Succession pasterns of arachnids on decomposing vertebrate tissues and their forensic significance

Monday, November 17, 2014: 9:12 AM
F149 (Oregon Convention Center)
Laurie Casebier , Entomology, University of California, Davis, CA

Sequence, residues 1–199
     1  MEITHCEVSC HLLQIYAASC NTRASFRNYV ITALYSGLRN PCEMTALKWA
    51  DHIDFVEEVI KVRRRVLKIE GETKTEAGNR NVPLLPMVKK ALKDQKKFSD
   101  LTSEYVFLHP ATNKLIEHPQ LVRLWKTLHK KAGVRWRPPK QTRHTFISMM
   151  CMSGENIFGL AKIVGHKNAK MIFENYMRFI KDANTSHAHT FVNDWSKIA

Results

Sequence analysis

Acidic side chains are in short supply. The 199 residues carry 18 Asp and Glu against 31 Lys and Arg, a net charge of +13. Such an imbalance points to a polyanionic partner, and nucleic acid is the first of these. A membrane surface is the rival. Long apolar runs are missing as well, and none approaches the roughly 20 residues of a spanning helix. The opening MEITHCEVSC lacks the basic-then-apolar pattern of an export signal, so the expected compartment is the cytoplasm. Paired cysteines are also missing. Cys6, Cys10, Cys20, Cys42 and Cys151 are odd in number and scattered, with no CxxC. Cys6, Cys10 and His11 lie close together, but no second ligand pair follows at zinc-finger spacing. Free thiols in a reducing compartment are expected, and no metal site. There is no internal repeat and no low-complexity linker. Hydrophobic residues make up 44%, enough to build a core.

Forensic entomology is increasingly used for solving complicated cases involving decedents. The forensic significance of carrion specialist insect species, such as Dipterans, is well documented, however there are many other arthropods including spiders, mites and other arachnids that are recorded at decedents buts whose significance has not been determined. We will be measuring arachnid activity on pig carcasses, to see if the species diversity and abundance changes over time. This could have forensically significant applications such as a more accurate postmortem interval estimation. My hypothesis is that a significant number of spiders will be collected near the remains than near my controls. My theory is that some species of spiders are attracted to carrion as a prey-rich environment and actively seek it out instead stumbling upon it incidentally. Our goal is to add to the growing base of knowledge about the carrion attending species of arachnids in California, and augment our understanding of arthropod succession and time of death regarding a decedent. The possibility exists that certain species have forensic significance such that their presence should be recorded by forensic examiners working a case.